Listen to a reading of “Where We Off To, Lulu Bee?” by Rosie Forrest.
Let’s ride this thing till’er soul slips out.
Mama smacked the horse’s neck and a hollow note thumped inside. The horse had tissue paper flowers, orange and pink, tied to its tin neck with twine. Overnight Mama had painted its eyes purple in honor of Elizabeth Taylor. Everything, it seemed, was in honor of Elizabeth Taylor.
I named her Rosemond, she said.
Mama was mighty proud of her Goodwill finds. This one came home in the trunk with a blue ceramic pitcher and a pair of women’s bowling shoes.
I picked at the horse’s left iris with my fingernail, chipping the paint into tiny purple flecks and uncovering a true, kind brown. I was too big for this toy. Anyone could see that. Each leg was secured with a metal hook bound to a coil, and the phrase “drawn and quartered” came to mind, then I thought of my treasured set of charcoal pencils and then I thought of roast chicken and drumsticks with crispy skin.
The horse was planted in the grass, her mouth agape from a rough bridal. Tiny ants crawled between my toes, and I stepped on each foot with the other one to mush and wipe them off my skin.
Old toys don’t break, Lulu Bee, Mama said. Not like shit today affixed with dried toothpaste. The mane had been molded into brown and gold waves, thick as thumbs.
In the afternoon heat, Mama swayed. It made me itch, the way her body lived beneath her white nightgown, fabric so thin it stretched peach across her belly.
I told your daddy you’d try to talk to it with your mind. She’s just gonna stare at it, is what I told him.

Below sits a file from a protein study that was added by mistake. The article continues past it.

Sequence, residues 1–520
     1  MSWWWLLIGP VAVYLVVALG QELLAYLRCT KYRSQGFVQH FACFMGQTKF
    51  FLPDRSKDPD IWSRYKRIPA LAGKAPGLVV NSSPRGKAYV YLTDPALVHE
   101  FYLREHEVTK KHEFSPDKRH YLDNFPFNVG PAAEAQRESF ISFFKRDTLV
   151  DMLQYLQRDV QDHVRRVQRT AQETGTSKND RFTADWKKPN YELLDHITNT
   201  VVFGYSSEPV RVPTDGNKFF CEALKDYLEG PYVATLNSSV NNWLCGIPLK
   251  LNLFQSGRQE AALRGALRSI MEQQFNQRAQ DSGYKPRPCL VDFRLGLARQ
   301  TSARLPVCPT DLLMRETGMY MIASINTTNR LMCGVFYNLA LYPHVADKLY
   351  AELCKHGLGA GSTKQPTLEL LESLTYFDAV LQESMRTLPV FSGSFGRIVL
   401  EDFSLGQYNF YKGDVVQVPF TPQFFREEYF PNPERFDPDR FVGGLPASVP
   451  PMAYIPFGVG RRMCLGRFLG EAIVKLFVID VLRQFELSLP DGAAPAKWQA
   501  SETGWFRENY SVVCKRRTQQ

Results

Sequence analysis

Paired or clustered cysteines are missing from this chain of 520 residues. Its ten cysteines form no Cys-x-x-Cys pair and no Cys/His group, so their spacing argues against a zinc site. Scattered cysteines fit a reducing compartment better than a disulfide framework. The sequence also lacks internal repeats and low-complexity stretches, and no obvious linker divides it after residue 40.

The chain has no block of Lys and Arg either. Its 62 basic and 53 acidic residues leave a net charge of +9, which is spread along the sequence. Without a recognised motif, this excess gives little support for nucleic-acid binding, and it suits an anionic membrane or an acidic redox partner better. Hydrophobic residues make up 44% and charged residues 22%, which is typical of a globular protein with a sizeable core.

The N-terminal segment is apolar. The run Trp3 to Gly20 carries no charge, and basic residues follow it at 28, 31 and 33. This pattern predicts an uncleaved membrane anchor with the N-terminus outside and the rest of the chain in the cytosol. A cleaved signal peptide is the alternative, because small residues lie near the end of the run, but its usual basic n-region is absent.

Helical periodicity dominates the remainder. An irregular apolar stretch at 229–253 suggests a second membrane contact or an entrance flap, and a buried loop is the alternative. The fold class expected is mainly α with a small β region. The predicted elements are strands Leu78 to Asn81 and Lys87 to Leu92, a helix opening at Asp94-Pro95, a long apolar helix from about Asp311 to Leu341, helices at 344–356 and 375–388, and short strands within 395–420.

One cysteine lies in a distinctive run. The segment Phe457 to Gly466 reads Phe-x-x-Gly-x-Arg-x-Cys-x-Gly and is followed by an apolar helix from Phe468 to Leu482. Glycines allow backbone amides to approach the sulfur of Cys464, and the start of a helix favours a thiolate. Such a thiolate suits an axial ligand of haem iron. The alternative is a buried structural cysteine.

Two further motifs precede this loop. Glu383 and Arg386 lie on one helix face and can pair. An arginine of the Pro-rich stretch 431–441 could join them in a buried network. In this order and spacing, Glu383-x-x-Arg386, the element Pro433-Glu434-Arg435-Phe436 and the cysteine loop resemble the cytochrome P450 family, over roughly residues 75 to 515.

Mama hiked her nightgown up around her waist, well above the worn elastic that barely harnessed her underpants, and before she straddled the helpless creature, she looped the extra cloth into a floppy side knot.
Look, Lulu. You just ride the fucker.
And she did. Knees bent to her breasts, and her large heels seared against the blocks designed for softer feet unmarred by ragged earth.
Thumbs in my ears, I jammed them there to hush the alien groans of rusty springs.
Where we off to, Lulu Bee? Mama shouted, her right hand gouging fist circles above her head. San Antonio or Santa Fe? Straining against the weight, the horse dipped low and quivered with pressure. Salt Lake City or Sacramento?
Mama hooted like she was surfing a locomotive, the panicked horse ablaze with violet, and me, eying a crack or pull splitting near the rump, where the tin body opened a fine slit.
Shoo! I whispered, bending toward its tail. Get on with yourself! And behind the damp small of Mama’s back, I fanned the horse’s hindquarters, blew at the dint with puffer cheeks to free the tender frenzy trapped inside.
About the author:
Rosie Forrest is the winner of the 9th Annual Rose Metal Press Short Short Chapbook contest. Recent publications include SmokeLong Quarterly, Whiskey Island, Ampersand, and forthcoming in Dogwood. In 2013, she was the writer-in-residence with Interlochen Arts Academy; now she makes her home in Nashville, Tennessee. More can be found at rosieforrest.com